Does Looking at the Opposite Sex Undermine Your Marriage?

By  Dr. David Hawkins

Dear Dr. David:

My husband and I argue about him looking at other women. I don’t like it and it makes me feel inferior, since often the women have better figures than I do, or are prettier. He says it is natural for men to look, that he cannot help it, and that it is a “man thing.” He knows I am affected by this and feel very hurt. Is it okay for a Christian man to look at another woman? We agreed to listen to your advice on this subject. ~ Tammy

Dear Tammy:

You ask a wonderful question, and certainly an issue that pertains to many couples. Many women share your hurt and frustration and want an answer to this problem. Men, and women too, often look at someone attractive of the opposite sex and it creates insecurity within the relationship for obvious reasons. What is the answer?

First, yes, it is natural to look. I will grant your husband that it is natural to take a first look. But, there is certainly a difference between looking and going a step or two beyond that to fantasizing. Fantasizing, as you may know, is looking at someone while engaging in additional thoughts and images in their mind. They may compare your looks to theirs; imagine being with them in a sexual way; imagine what kind of personality they have—Pia Melody, author of books on love addictions, calls all these behaviors “euphoric recall”—little emotional hits that make us feel better and give us a momentary high. They are dangerous in that they take us away from our primary love relationship and can actually be addicting.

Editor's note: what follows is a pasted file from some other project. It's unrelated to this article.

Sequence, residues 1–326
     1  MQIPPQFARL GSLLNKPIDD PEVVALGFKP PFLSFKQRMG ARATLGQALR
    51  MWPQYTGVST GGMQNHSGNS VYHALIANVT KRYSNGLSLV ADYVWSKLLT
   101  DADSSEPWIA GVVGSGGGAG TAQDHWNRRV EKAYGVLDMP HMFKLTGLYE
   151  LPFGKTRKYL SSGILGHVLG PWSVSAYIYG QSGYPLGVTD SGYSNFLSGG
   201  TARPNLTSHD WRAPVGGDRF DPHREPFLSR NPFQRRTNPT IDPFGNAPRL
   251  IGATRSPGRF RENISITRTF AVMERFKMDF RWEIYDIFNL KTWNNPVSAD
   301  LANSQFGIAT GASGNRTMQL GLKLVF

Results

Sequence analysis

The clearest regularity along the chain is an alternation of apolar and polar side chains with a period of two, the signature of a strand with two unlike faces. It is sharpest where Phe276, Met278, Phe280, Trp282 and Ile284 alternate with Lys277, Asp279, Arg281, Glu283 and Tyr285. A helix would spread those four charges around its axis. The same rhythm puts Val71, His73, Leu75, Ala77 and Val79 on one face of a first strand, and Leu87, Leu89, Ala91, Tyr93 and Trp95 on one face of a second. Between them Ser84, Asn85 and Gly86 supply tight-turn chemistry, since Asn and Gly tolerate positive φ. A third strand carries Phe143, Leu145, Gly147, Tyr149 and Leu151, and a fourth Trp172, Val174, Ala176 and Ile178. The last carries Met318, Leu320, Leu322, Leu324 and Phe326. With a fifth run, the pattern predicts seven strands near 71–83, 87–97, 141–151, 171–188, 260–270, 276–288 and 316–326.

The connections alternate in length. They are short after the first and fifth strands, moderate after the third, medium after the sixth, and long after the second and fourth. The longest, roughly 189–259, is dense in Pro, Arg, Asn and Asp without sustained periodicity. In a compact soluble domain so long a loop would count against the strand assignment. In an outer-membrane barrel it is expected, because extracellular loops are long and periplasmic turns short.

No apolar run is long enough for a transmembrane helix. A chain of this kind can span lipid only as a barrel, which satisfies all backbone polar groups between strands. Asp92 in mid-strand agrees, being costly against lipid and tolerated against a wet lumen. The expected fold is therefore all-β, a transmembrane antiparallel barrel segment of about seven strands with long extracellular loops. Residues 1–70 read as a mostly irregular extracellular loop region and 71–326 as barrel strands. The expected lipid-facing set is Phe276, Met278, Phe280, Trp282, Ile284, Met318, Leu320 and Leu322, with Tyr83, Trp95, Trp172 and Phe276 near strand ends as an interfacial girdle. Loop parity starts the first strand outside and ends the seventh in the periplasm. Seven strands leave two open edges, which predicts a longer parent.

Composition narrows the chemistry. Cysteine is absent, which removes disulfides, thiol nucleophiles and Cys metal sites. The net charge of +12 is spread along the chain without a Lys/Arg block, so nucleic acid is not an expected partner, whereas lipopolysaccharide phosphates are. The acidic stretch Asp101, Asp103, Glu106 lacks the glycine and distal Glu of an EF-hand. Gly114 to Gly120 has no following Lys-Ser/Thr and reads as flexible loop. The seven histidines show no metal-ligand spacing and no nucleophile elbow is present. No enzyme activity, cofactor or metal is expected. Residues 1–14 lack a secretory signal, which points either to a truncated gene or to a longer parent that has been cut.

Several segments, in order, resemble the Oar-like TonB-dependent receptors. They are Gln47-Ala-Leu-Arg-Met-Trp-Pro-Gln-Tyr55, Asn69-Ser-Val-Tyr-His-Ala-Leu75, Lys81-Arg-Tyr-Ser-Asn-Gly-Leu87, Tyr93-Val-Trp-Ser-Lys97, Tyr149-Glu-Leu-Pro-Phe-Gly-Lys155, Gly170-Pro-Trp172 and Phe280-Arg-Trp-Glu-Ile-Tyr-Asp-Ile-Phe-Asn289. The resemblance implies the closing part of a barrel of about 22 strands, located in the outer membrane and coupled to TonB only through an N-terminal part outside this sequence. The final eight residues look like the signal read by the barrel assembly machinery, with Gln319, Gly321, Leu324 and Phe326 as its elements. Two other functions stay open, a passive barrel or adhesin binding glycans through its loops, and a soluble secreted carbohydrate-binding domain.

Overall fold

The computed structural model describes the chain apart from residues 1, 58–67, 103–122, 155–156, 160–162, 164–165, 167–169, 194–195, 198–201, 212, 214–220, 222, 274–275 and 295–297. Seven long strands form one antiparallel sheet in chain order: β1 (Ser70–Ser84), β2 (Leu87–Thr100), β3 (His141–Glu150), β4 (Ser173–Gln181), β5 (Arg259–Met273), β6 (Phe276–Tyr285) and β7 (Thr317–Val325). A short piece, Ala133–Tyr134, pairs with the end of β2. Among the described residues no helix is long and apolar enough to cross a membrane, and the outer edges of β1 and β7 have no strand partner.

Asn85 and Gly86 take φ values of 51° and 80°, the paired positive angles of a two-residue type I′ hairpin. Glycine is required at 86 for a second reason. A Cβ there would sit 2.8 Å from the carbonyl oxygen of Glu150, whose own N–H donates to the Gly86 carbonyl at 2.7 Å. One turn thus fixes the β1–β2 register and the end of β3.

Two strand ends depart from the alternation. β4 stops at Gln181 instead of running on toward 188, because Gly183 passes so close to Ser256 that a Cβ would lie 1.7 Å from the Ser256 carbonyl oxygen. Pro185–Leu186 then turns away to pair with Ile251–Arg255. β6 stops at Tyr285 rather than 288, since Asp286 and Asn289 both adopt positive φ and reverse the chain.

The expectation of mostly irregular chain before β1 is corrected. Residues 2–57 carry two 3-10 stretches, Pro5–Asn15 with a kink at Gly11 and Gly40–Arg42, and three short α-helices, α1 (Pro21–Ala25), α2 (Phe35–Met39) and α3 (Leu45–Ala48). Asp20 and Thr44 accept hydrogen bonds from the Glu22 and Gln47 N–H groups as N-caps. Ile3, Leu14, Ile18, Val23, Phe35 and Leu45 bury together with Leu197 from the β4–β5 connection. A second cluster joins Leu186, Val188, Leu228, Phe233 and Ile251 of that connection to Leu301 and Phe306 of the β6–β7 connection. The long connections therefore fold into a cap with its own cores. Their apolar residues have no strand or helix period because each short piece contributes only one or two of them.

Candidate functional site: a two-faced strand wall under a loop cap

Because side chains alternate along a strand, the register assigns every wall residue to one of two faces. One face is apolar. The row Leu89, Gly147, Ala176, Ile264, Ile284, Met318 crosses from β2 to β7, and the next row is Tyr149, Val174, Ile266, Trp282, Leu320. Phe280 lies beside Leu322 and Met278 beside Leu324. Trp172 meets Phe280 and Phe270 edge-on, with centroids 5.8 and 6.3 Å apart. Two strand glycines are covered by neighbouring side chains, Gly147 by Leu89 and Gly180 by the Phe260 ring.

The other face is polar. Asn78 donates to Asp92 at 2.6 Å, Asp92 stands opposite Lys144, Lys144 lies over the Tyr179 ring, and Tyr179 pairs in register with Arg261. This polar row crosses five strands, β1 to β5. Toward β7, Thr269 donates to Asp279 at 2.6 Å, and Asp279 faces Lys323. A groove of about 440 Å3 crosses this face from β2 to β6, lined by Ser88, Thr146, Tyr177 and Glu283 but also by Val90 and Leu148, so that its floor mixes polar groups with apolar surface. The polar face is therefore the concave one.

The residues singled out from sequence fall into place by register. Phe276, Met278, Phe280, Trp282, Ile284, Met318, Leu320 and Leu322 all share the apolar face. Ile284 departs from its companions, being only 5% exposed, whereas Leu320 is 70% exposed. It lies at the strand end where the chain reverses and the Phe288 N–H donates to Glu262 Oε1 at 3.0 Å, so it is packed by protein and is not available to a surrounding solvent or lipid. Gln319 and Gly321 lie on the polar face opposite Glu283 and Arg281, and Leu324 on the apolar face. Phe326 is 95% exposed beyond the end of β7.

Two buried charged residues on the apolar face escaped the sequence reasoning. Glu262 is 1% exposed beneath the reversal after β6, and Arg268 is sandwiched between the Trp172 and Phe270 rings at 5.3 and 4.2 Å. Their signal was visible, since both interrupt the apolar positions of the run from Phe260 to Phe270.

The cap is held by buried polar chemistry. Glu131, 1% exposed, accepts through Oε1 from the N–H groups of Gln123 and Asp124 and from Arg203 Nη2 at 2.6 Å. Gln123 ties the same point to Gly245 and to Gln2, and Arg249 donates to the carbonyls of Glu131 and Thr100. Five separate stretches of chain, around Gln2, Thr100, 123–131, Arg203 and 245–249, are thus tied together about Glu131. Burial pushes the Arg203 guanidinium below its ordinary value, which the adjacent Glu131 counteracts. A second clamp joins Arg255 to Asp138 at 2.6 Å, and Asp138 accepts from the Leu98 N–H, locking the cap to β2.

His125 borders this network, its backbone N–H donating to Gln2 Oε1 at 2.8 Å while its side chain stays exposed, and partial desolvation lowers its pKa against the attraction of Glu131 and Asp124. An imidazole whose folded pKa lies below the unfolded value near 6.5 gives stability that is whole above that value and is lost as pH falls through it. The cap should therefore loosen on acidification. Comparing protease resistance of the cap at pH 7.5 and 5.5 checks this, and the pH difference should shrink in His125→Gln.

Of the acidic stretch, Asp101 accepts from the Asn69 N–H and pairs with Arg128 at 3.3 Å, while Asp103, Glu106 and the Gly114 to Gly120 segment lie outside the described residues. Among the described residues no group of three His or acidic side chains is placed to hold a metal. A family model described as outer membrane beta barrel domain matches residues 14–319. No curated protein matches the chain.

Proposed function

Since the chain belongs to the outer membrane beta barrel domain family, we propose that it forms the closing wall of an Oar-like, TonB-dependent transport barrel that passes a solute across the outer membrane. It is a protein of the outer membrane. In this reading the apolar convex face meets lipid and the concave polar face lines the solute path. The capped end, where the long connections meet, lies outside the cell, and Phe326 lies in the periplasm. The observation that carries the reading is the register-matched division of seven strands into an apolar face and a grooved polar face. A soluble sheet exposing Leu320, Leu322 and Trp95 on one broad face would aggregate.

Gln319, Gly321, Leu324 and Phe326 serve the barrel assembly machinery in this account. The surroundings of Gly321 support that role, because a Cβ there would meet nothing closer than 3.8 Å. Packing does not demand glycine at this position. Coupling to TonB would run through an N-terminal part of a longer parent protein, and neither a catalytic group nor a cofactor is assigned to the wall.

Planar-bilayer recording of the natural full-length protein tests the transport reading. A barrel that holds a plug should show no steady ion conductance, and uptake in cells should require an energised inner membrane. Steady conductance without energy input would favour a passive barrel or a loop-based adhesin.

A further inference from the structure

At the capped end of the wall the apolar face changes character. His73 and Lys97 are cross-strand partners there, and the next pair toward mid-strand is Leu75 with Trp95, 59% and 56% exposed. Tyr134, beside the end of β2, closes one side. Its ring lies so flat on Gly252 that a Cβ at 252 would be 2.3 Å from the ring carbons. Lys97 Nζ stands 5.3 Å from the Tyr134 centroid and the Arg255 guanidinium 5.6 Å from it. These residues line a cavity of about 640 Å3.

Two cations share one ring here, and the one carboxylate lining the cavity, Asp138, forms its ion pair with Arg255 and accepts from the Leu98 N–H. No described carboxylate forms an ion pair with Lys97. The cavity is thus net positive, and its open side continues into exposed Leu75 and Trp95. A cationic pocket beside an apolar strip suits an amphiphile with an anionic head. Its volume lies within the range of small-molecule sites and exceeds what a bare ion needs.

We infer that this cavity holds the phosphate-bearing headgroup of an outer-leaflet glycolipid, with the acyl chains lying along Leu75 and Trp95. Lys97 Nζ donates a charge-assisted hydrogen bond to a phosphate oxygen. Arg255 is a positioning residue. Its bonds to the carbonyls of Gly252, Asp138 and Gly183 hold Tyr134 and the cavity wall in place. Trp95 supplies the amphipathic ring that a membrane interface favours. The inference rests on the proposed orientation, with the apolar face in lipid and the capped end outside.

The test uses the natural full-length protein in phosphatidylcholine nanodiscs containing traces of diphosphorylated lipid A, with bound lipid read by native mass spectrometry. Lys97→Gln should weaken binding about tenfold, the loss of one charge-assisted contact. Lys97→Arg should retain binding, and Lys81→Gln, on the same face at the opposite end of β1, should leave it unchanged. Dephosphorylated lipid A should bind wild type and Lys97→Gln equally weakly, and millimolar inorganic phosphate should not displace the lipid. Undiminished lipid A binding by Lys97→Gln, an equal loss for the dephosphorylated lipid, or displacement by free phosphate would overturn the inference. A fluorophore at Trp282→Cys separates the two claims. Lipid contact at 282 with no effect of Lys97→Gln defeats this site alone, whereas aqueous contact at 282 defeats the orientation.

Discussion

Second, while natural to look or glance at someone lovely, we are warned in scripture to guard our eyes and our thoughts. I John 2: 15 says: “Do not love the world or anything in the world. If anyone loves the world, the love of the Father is not in him. For everything in the world — the cravings of sinful man, the lust of the eyes and the boastings of what he has and does, comes not from the father but from the world.”

Third, there is the issue of your hurt. Your letter suggests that he is insensitive to your pain while defending his position, and that is alarming. Even when his glances are innocent, he must take your pain, including your insecurities, into consideration. After all, love means extending ourselves for another’s well-being—and that includes their personal past and personal issues. Even if it’s your “stuff,” he has some responsibility to help you through these challenges.

I hope this helps and feel free to write again regarding results. ~ Dr. David


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